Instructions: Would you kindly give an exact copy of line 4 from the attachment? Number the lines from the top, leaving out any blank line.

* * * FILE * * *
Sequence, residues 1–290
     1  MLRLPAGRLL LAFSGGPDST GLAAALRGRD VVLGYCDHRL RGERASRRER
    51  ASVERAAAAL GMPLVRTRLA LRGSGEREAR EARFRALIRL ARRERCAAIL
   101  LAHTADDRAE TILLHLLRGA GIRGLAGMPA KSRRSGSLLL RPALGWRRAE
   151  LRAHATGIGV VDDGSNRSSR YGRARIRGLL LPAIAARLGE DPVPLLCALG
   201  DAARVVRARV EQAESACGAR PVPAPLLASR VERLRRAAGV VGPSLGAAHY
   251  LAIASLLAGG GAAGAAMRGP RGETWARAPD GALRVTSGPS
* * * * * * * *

   101  LAHTADDRAE TILLHLLRGA GIRGLAGMPA KSRRSGSLLL RPALGWRRAE